Do Your Duty: Get It Right The First Time
“The right structure does not guarantee results, but the wrong structure aborts results and smothers even the best-directed efforts.” So says Peter Drucker.
This “wrong structure” approach is how, I believe, Frederick County Public Schools landed in its current predicament. What predicament? The one in which the Board of Education continues to rubber stamp the requests of the school administration and fails to do its due diligence. The predicament of handing their hands out for more without first doing their best to see what has fallen between the cracks, or what is hidden in the numbers.
If this school board has its way the education budget will grow, the students will get less and the system will expand once again. Even though we have less students now than in the past several years, wages, salaries and benefits continue to rise.
When certain long time board members from the dais refuse to question and prefer to say “I’ll leave that to the experts” as she points to administration staff, you should be concerned. Comments like that are an indication of a person who isn’t doing their homework and/or has no idea what their job description is.
I have seen long time board members ask questions of staff as if this is their first year on the job. Why do they not know these things? How can they not know how many employees Frederick County Public Schools has? How do they know how much to spend when they don’t know how many it is going to be spent on?
I can’t speak for all our past boards because I’ve only been paying attention since the summer of 2010. That’s when I learned money was not being spent on air conditioned buses for special education but was being spent on Frederick County Public Schools staff and administration.
However, in my brief awakening I have seen the majority of board members most concerned with spending for the “system” as opposed to spending for the “children” and their education.
The purpose of the Board of Education is to ensure our children have an efficient, well rounded education, and it should be done effectively and with vigilance. Our board should be the watchdogs, not just the school treasure chest. They should view their duties as a sacred, moral and ethical obligations. They are charged with protecting our most beloved treasure – our children. We elect them first and foremost to protect the integrity of our schools and the well-being of our children.
Part of this board’s duties is monitoring “system’s management for continuous improvement.” Yet I have personally witnessed programs being continued when they are documented failures that cost the taxpayer money and waste not only staff time, but the student’s time as well. It’s a disservice to the student to let them continue in a program that will have no lasting, positive effect on them or their education. That is a dereliction of duty of the highest sort. It should be implementing what works, not continuing what doesn’t – because board members don’t want to hurt anyone’s feelings.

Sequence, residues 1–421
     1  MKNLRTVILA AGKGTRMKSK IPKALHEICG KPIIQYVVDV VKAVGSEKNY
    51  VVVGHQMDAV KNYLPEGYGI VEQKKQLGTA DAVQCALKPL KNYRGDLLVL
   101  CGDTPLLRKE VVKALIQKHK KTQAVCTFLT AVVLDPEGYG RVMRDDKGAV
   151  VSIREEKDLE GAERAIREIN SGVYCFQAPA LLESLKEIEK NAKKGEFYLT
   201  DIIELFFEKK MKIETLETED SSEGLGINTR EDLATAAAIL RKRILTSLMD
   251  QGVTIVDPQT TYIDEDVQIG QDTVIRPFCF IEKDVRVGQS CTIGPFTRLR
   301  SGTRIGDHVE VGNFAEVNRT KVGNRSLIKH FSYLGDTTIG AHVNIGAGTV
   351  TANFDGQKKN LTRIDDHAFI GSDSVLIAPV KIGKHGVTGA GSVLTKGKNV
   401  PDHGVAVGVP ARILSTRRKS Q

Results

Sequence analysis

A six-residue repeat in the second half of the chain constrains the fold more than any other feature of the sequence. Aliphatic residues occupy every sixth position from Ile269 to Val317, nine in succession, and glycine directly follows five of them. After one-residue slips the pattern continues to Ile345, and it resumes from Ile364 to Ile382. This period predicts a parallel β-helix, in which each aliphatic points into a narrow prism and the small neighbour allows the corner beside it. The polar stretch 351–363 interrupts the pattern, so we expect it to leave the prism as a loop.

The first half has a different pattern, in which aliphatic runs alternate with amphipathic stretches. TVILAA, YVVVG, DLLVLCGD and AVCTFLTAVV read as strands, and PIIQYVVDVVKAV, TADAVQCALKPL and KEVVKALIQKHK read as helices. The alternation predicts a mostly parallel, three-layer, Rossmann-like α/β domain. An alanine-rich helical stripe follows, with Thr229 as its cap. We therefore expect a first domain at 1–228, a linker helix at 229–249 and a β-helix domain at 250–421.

“No” is an appropriate response to “may I have some more, please.”
I’ve watched for several years now the ferocity at which some of our board members, as well as school administration, are willing to throw our children and their needs under the bus for the wants of growing the debt of the school and feeding the bureaucracy. They simply refuse to say “no” because – well I’m not sure why. Maybe they want to be liked? It certainly isn’t because it’s what is best for the students.
Another extremely important duty is “authorizing curriculum development and revision.” Race to the Top came to Frederick County and former superintendent Dr. Linda Burgee had the foresight to say “no” we don’t want to participate; we want to be in charge of our own educational destiny. Sadly, that’s where the fight to save our children’s education ended.
Common Core came in like a thief in the night and Frederick County Public Schools made nary a peep.
Worse, the elected officials we voted into office to look out for us didn’t think to look beyond the talking points and trusted the very individuals and programs they were supposed to be overseeing. There is nothing wrong with trust, but it shouldn’t be blind.
We elect Board of Education members not to cause friction between them and the county commissioners, but to look out for the structure, honor, integrity and complexity of our children’s education.
We vote them in to office to be our eyes and ears.
Lest I make it seem like the school system and the school board shoulder all the responsibility for allowing our current education system to be overhauled without our knowledge or input, I have to point out that the Parent-Teachers Association did their part as well.
On the national level the PTA took $1,000,000 to promote the Common Core State Standards and this left our local PTA gagged and unable to sound any alarm.
Parents, it’s up to us. Those organizations we’ve joined and those individuals we’ve elected have forgotten that their mission is to look out for what is best for our children’s education.
It’s time for us to be a little more vigilant. Ask more questions even if it makes members of the board or school administration uncomfortable. We don’t have years for them to “get it right.” Our children only have one time to get 4th or 6th or 11th – or any grade right.